Cn yu rd ts?
Hendrik Hertzberg, senior editor of The New
Yorker, is a fan of TypeIt4Me. He wrote: “I’ve
discovered that this program is absolutely
great as far as writing is concerned. Having
built my data file one word at a time, I can,
for the first time, write as fast as I can think.
Or, to type those two sentences with expansion turned off: iv dscvd ta th prg s absl gr
afa wrig s ksnd. Vg blt my data file one word
at a ti, i c f t first ti wri as fast as i c tq.”
email the same (or similar) message to people
The key to TypeIt4Me is to start slow. Define a
few abbreviation-expansion pairs each day, and
see what “sticks.” Which ones do you naturally
remember? Which ones do you use a lot? It takes
some time to get really effective with TypeIt4Me,
but like any sound investment, the returns compound over time. I use most of the expansions
every month, whether through a misspelling, a
URL, a password, or for any other reason. My
typing is fast.
But here’s the important thing: I still add new
expansions almost every day. I am determined
to continue getting faster, more accurate, and
more efficient in my bit-creation at every opportunity. TypeIt4Me isn’t shareware that you
install, define a few things in, and then call it a
day. No. TypeIt4Me is a bit-lever — one essential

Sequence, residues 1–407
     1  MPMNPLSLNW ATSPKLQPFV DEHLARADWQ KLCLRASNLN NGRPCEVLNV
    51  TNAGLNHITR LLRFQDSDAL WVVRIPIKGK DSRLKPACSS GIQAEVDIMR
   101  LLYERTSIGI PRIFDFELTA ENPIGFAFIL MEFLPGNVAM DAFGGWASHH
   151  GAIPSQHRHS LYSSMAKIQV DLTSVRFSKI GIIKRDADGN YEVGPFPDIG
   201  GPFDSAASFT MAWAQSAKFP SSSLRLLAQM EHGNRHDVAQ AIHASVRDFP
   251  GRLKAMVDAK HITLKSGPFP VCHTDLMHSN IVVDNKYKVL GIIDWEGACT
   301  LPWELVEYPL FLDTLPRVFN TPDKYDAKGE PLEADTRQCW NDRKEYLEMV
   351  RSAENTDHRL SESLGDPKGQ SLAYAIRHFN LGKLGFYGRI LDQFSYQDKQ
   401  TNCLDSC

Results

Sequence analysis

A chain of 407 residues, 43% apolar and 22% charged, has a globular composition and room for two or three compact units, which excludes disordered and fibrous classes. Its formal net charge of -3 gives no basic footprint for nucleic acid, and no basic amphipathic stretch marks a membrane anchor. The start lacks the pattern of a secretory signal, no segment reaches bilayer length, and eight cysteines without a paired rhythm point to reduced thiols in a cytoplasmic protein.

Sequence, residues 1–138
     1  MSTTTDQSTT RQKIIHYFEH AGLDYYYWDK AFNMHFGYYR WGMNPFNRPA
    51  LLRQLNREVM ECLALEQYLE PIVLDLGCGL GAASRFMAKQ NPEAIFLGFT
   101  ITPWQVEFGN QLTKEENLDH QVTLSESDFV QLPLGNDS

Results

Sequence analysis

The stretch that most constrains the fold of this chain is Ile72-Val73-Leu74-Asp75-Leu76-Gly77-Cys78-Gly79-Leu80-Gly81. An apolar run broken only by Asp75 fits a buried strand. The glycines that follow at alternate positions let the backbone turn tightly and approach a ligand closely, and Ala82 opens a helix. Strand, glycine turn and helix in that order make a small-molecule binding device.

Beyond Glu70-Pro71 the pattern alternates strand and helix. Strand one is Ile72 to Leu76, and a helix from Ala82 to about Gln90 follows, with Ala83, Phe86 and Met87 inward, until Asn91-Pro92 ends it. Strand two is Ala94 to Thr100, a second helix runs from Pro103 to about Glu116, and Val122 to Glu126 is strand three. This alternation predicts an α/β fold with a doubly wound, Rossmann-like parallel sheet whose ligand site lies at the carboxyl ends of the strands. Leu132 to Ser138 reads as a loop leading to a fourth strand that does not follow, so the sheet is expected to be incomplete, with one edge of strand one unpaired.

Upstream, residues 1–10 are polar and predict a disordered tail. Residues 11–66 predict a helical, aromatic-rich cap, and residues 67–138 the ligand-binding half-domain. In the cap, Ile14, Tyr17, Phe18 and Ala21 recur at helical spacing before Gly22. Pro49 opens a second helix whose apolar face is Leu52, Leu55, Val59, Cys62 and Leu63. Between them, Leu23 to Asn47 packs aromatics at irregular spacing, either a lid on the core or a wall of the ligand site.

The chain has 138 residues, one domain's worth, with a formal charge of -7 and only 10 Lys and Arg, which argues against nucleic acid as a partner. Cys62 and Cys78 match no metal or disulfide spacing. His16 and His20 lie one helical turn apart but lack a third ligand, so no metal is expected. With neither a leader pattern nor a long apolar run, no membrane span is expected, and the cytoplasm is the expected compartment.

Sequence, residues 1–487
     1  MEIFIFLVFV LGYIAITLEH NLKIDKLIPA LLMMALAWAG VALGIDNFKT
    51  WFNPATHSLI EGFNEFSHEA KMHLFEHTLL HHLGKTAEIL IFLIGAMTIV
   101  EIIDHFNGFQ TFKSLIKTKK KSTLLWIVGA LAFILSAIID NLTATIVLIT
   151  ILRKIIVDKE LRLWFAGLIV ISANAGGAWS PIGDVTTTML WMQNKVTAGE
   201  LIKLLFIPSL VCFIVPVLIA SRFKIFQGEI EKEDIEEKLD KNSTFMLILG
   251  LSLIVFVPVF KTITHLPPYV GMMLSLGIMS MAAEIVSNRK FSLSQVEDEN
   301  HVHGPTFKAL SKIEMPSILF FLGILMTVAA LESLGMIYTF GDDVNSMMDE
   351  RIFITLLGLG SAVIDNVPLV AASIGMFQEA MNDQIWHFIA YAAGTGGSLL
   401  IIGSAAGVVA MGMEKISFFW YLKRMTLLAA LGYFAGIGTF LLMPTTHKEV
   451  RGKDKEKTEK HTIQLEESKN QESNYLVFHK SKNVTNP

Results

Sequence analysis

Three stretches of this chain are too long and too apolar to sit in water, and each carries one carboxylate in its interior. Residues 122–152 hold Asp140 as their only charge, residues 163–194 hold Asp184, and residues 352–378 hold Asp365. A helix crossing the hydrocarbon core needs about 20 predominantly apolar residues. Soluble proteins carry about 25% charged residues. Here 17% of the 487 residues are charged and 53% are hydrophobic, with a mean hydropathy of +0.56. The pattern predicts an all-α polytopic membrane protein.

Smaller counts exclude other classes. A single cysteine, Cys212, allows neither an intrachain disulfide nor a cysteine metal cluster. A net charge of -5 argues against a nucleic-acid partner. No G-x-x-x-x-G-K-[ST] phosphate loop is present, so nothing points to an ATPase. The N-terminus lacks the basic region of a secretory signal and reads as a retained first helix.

component of bit literacy — and as such it requires an ongoing commitment toward mastery.
Efficiency isn’t something you accomplish in a
day; it’s something you grow into. It’s a way
Finally, a word of warning: if you use TypeIt4Me
diligently for a few weeks and begin to realize its
benefits in your efficiency, you will NEVER — read
me, now — you will NEVER want to go back to a
machine that doesn’t run it. You will curse every
Internet cafe PC that stupidly requires you to
type every character; you will mutter under your
breath on your friends’ machines; you will be
spoiled for life. But you will have seen the light.
Isn’t that worth it?
Mark Hurst is the founder of the media company Good
Experience, Inc. (
A MAKER STORY
Pizza Huts in China have a rule: only one trip to the salad
bar. Naturally, customers heap as many items as they can
into the small bowls. But some Pizza Hut regulars have
turned salad stacking into a science, creating pillars of
vegetables that dwarf the bowls that support them. Here are
some images from a salad-bowl hacking manual written by a
27-year-old sofware engineer in China named Shen Hongrui.
Download the PDF document (in Chinese) at
The secret to stacking a salad bowl is to begin with a stable foundation on which to construct a veritable tower of herbivorous delight.
Think of cucumber slices and pineapple chunks as bricks, and salad
dressing as mortar.
To eat your creation, reverse the stacking procedure, substituting
your mouth for the salad bar.
154 Make: Volume 01